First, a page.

Christ always surprises. He revels in the unexpected. He would have loved the game hide and seek. One never knows where you might find him. Christ said I can be found where you least expect, in the littlest and weakest among us. As he said, "Whatever you do to the least of my brothers and sisters, you do to me." I marvel at the unanticipated epiphanies of Christ I have experienced along the southern border of the United States.
I met Christ startlingly in a small chapel in Altar, Sonora, Mexico, some years ago. Scattered around the little chapel there, I saw young, frightened men, mostly wearing T-shirts emblazoned with the image of Our Lady of Guadalupe or clutching rosary beads. These men knelt in prayer. Like Christ kneeling in the garden, they sought the help of God, anxious and desperate, imagining what was ahead of them in their journey north.
They sought to harm no one. The only desire that drove them was a better, more dignified life for themselves or their families. Like Dorothy Day, the great social activist who saw Christ in the faces of the hundreds of homeless men who stood in the Mott Street bread and coffee line she started, I looked into the eyes of these young men and saw the suffering, pained face of Christ.
I stood on the make-shift road from Altar to Sasabe, Arizona, as van after van passed, crowded with migrants headed to the border. One van stopped. A lady opened the van window and shouted, "Su bendición, Padre." I looked inside and saw people tightly jammed together like in subway cars in the height of rush hour. Their faces mirrored the anxiety they were feeling. I raised my hand in blessing and saw the One who knows our suffering, for he suffered mightily. They seemed comforted by a simple sign of blessing. God accompanied them. God stood beside them, at their side. He was inside that packed van, squashed alongside the others.
I celebrated Mass at the border separating Ambos Nogales, two cities divided by a wall. Bishop José Leopoldo González, Bishop of Nogales, Sonora, Mexico, and I concelebrated, he on the United States side and I on the Mexican side. We joined hands through the steel barriers separating our people. I saw the Christ with arms outstretched trying to bring our two worlds together. I could almost hear the angels singing, "In Christ there is no east or west, in him no south or north, but one great fellowship of love throughout the whole wide world."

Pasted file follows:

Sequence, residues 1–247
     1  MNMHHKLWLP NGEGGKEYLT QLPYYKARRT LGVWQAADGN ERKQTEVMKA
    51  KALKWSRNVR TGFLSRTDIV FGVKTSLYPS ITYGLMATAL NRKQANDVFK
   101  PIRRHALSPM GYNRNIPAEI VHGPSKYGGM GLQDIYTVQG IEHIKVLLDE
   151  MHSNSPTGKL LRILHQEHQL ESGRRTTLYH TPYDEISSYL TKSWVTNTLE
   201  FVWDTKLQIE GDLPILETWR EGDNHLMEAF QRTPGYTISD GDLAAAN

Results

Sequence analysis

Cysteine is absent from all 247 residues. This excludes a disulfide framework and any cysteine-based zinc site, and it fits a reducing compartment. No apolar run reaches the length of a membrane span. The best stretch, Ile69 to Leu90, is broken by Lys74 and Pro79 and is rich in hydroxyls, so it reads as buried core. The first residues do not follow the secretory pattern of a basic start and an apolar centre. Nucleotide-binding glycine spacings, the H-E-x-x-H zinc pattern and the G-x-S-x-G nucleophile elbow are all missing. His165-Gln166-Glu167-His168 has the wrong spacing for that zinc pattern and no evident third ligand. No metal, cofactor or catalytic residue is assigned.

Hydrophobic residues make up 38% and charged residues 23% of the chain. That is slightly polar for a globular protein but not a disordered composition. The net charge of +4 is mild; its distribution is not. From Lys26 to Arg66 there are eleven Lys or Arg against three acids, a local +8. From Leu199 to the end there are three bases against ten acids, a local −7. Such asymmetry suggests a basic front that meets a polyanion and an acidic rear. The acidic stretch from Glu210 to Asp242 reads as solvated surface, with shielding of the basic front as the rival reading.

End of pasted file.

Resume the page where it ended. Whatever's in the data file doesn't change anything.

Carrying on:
I met a young boy, 15, at the University Medical Center in Tucson, Arizona. He was from Chiapas and spoke neither Spanish nor English but only his indigenous language. He was from a family of 10 being raised by a single mother who was suffering from depression. He decided to head to the border to catch up with his uncle who lived in Tucson. He hopped the "beast," a train that transports people to the North. At one point he jumped off and had both legs severed under the speeding train. As he lay in the hospital bed, I could see his frustration, his despair. He who had left home to provide for his family, now disabled, might be a further burden for his family.
I saw in this young boy the Christ who left the company of his parents to get about his ministry. Christ was intent to carry out his Father's work no matter what, even as this young man was determined to improve the lot of his mother and siblings. Love always costs, demands sacrificing self.
Along the border, Samaritans place water to assist migrants, with inadequate provisions, crossing the unforgiving Sonoran Desert. You cannot carry enough water to prevent dehydration from the unrelenting, blistering Arizona sun. The Samaritans' actions mirror those of Christ, who felt human pain and was moved with compassion at the sight of those harassed and helpless, like sheep without a shepherd. Christ lives in our desert, his hands place the water to quench people's thirst.
Every day along the border in Ambos, Nogales, Jesuit Fr. Sean Carroll, and his Kino Border Initiative team serve food to migrants who have been deported into Mexico. The migrants sit at tables with some semblance of dignity and are served homemade meals. It reminds me of Christ multiplying food for the masses. The volunteers, often high school students, imitate the One who provided for the weary.
Sore, blistered feet of the migrants are washed and bandaged by members of the Kino team. Traversing the desert takes its toll. The trek ravishes one's feet. I often picture Christ taking off his garment and kneeling at the feet of his disciples, washing their feet.
So many along the border mirror the actions of Christ, imitate his tender compassion, live out his call to serve, practice his self-sacrificing love.
We are told to see migrants and refugees as dangerous, intent on harm. But if one looks intently enough, you encounter Christ in the migrants and refugees who, like us, only want the best for their children and for themselves. If you look intently enough you will see in their faces the face of Christ. We are told to stay clear of migrants and refugees, close off our borders, but if one looks intently enough you will see Christ present in the here and now through the actions of people who see where love is needed and who respond.
[Gerald Kicanas was bishop of the Diocese of Tucson, Arizona, from Jan. 15, 2002, to Oct. 3, 2017. Since September 2018, he has been serving as apostolic administrator to the Diocese of Las Cruces, New Mexico.]
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